Transforming Rust Into Sheet Metal Origami
“Nana jorobi, ya oki”-the original version of this Japanese idiom, likely coined by someone who was getting their posterior pummelled by their project
Like all DIY restorations, some things happen fast and easy, while others take
longer forever and prove difficult impossible. Sometimes these situations are simultaneous. As I alluded to in Part 2, when I bought this truck the rear quarters were one of the areas that I knew would be challenging. They were rusty on the extreme ends like many 70 series, and would need some serious attention. I am no kind of technician, and thought of it as a good opportunity to acquire some new skills.
This might be a good place to remind you that the frame, suspension, and the balance of the underside of the truck was already sand blasted, and coated. I mention this, because the *before* pictures you are about to see may be considered shocking, and lead you to believe the truck was a rusty pile.
Such was not the case. The floor was intact, both from inside and outside. The recessed cavities that I explored with a flashlight on the advice of an expert (under rubber access plugs) were pristine. The door bottoms were almost all perfect. Aside from the corners of the rocker panels, and a little bit of surface corrosion common on any 30 year old truck, the damage was limited to the rear corners, hidden behind the bumper end caps. I believe this was why it had progressed so long unchecked by the previous owners, since the rest of the truck appeared to have been looked after. Nonetheless, the lower quarters were seriously compromised. The right hand side had a decent hole, but the left hand side was actually corroded away to the point where there was metal missing.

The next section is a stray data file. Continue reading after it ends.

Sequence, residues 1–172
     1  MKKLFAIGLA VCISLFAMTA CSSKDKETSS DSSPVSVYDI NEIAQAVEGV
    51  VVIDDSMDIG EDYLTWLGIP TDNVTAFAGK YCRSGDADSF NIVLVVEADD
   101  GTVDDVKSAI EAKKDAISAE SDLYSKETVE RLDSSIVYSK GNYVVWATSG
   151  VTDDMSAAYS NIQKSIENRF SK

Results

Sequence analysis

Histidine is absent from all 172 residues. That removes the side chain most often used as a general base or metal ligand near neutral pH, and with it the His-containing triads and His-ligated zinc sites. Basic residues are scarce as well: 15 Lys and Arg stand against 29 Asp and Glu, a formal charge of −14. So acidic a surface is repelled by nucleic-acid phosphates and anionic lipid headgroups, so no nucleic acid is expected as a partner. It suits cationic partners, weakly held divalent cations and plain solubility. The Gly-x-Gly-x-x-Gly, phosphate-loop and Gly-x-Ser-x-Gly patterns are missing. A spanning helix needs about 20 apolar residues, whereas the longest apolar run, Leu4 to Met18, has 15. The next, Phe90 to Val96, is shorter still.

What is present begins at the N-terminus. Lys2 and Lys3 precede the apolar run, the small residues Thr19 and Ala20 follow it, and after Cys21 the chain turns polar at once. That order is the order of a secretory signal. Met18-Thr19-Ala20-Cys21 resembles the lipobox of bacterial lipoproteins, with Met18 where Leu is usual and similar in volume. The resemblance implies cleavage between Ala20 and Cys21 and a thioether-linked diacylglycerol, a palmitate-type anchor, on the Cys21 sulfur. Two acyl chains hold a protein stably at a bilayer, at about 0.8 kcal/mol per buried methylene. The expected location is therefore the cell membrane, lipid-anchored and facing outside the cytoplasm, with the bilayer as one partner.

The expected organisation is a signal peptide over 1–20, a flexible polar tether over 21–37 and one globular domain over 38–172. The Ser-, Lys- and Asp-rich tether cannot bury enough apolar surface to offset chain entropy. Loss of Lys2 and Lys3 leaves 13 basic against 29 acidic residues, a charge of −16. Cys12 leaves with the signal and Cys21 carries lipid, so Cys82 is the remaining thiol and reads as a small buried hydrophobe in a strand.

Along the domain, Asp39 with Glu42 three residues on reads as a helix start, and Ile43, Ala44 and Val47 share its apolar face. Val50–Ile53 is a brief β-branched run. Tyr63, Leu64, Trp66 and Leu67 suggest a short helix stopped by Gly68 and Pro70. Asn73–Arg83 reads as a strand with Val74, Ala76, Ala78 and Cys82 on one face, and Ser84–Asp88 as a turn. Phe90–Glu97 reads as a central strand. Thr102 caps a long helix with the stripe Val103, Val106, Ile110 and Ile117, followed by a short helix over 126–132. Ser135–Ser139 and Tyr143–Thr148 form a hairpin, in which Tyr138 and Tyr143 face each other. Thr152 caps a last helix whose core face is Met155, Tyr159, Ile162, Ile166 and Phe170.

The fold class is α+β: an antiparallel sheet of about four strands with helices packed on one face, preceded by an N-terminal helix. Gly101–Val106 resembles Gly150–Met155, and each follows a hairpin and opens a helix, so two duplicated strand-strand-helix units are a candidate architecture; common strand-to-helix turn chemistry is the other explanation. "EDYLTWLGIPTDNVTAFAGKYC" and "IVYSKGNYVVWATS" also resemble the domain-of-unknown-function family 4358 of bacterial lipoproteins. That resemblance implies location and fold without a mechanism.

Okay, brace yourself. Here is what we started with, once the flares, mudflaps, and bumper ends were removed. (Yes, I knew the extent of the damage before I bought it.)
Patch panels for the HZJ77 are not widely available, given that the vehicle was only made for the Japanese market. But even when I broadened my search to include the 76 and LJ78 models, nothing seemed to be available. Eventually, I realized I’d have to make them myself.
How Hard Can it Be?
It’s only metal. Right? Wrong. Add multiple bends, curves, and folds in all directions, and you have a 3 dimensional piece that ends in professional help, either from a bodyman, or a psychiatrist. At the time of writing, I’m close to the latter.
The right hand side went surprisingly quickly. It was the very first piece I bent. The first piece I ever welded. It was a hand-formed piece of steel that I created from 18 gauge stock, and would be difficult to spot once it had been set in place with special (read: EXPENSIVE) panel glue. It’s invisibility is largely owing to the fact that it would eventually sit below the bumper end cap, but still! So far I couldn’t see what the fuss was about – sheet metal forming didn’t seem that hard?
I felt like a savante – a sheet metal whisperer. All those naysayers who swore off bodywork as some kind of black art? They didn’t know what they’re missing.
Or did they?
The subtle art of not giving… Up. 😉